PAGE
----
UK Flood
© Press AssociationClimate change models will make it possible to work out the likelihood of drought, heat waves and flooding

The most detailed set of climate change projections ever produced will show the risks of sea level rise, droughts and floods in Britain over the next 80 years to within 16 miles of your front door.

The set of predictions from the Met Office will forecast temperature, rainfall, sea level rise and even sunshine up until 2099.

It is the most comprehensive climate change forecast to be produced anywhere in the world, showing details of how each area will be affected down to a 25km (16 mile) square grid.

Comment: The most comprehensive forecast anywhere in the world

Except the MET Office cannot get current forecasts that are actually only months into the future correct.

More hot air from UK Meteorology Office
Mittens in Britain but the heat is coming
UK Met Office Summer Forecast: Drowning Again?
Rainfall In Britain Worst In 200 Years

At some point the question must be asked:

Is all this hype and lying about global warming on purpose?
And Why?

Local authorities, the Environment Agency, primary health care trusts, insurance companies and property developers are all eagerly awaiting the content to be revealed to the House of Commons by Hilary Benn, the Environment Secretary, this week.

It is expected the results will not only affect larger building projects and flood defences but property prices and insurance claims for people living near the coast or on flood plains. It will also inform health authorities planning for heat waves or new infectious diseases and farmers deciding which crops to plant in the future.

James Murphy, Head of Predicting Climate Change at the Met Office, said the UK is now "tied into" climate change whatever measures are taken to reduce greenhouse gases because there is so much carbon dioxide already in the atmosphere. Therefore it was possible to predict a range of possibilities for each area, from the best to the worst case scenarios, based on climate models.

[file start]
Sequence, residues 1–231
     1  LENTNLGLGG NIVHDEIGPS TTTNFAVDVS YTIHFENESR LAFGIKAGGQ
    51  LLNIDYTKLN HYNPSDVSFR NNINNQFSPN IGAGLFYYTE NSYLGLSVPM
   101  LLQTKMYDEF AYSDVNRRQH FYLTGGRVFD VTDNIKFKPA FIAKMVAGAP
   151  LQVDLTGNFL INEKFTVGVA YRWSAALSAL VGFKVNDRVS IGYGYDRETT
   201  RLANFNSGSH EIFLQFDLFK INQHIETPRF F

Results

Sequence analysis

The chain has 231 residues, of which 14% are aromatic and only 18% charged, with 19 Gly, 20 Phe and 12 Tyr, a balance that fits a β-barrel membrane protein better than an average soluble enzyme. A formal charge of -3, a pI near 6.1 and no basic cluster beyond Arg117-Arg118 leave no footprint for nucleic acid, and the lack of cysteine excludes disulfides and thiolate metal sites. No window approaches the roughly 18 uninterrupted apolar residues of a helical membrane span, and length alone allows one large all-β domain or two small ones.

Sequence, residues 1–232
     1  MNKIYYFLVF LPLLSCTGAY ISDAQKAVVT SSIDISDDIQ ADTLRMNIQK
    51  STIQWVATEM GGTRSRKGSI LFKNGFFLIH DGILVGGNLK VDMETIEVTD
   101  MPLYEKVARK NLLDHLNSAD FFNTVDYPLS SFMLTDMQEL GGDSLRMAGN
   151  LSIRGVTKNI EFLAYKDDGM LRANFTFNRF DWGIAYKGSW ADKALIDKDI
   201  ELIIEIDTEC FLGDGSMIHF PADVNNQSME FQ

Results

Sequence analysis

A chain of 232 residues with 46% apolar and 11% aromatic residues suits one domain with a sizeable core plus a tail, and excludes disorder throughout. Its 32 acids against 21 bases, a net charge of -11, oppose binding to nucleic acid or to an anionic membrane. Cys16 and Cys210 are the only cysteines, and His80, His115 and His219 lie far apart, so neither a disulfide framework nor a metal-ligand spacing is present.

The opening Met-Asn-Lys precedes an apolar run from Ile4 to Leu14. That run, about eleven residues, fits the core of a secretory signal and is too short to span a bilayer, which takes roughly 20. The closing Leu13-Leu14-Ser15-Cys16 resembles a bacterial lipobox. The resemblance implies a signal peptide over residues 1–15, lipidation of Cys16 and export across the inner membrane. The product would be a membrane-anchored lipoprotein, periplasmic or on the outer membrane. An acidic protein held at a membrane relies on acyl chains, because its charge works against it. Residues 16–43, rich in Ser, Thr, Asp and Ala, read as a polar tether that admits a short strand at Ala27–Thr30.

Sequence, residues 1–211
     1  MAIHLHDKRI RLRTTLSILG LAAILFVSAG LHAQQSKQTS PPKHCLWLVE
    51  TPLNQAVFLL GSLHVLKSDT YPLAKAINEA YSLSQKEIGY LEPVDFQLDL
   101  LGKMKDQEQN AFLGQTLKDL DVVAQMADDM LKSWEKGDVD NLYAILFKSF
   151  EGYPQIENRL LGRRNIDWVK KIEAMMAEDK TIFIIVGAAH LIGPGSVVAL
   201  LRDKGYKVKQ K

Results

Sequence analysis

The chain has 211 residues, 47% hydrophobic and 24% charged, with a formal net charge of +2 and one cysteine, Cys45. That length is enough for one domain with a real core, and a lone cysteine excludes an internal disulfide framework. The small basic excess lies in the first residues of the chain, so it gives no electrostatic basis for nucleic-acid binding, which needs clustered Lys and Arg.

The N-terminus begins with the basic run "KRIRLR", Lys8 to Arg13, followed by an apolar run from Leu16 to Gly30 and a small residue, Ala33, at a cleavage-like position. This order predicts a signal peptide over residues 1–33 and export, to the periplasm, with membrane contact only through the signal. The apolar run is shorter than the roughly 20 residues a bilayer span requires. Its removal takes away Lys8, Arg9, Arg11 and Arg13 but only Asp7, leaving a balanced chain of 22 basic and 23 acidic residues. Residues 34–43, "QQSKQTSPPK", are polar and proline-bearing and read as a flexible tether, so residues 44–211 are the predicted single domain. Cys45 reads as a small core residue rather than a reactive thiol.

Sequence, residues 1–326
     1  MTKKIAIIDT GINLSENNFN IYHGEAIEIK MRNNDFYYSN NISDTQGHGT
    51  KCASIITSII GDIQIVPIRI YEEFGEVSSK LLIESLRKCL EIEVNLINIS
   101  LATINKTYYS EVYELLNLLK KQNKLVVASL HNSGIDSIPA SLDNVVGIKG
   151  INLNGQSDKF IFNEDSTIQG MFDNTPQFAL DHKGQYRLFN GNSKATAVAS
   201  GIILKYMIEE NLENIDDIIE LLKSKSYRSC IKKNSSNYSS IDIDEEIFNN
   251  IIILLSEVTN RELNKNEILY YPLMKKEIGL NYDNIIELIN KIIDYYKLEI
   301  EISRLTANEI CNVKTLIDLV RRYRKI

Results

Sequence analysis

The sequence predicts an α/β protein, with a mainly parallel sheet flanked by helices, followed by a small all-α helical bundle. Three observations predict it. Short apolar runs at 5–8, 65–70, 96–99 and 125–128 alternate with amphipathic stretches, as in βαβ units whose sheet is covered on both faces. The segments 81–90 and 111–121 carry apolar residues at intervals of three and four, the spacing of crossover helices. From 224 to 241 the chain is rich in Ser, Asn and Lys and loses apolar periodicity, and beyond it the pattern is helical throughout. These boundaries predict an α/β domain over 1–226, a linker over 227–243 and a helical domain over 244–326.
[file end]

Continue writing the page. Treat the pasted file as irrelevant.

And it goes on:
"It will give us the information from which the risk associated with future changes in frequency of floods, droughts or heat waves can be predicted which will be very relevant information for the insurance industry and other planners and stake holders," he said.

Comment: What about the great predictions of snow and ice and sub-freezing temperatures?

One more winter either this year or next when people are cold and freezing, one more year of reduced crop yields and failures, then will the blatant disregard for human suffering be seen?

Will the cult of belief and arrogance of the infallability of self finally fall? For that is surely what this is. Computer models built to reinforce personal belief, pushed to the masses regardless of the true data, regardless of the impact on human life.

The predictions will be broken down across 23 river basins, 16 administrative regions and eight costal areas. Each area will be given a range of probabilities based on climate change models so it is possible to work out the likelihood of drought, heat waves, flooding etc and plan accordingly. Predictions will be made for eight overlapping 30 year periods from 2009 to 2099. The first period is 2009 to 2039, then 2019 to 249 and so on.

The predications are expected to show areas of Norfolk could be flooded by seawater by the end of the century. Temperature increases mean London could experience temperatures of up to 41 degrees C by 2080 and East Anglia could experience 60 per cent less rainfall making agriculture increasingly difficult.

Bill Maguire, Professor of Geophysical Hazards at University College London, said people will realise the risk of flooding, sea level rise and droughts on their own doorstep for the first time.

"Ordinary people will be able to see how critical climate change is and how it is going to effect our country as well as tropical low-lying countries like Bangladesh. When they see how their little patch of land is affected they will realise how their own lives will be affected and the lives of their children. It will hammer it home."

The Association of British Insurers will also be watching.

"The insurance industry will use the data to better comprehend future risks and to advise customers and policy-makers on how to prevent or prepare for them," said a spokesman.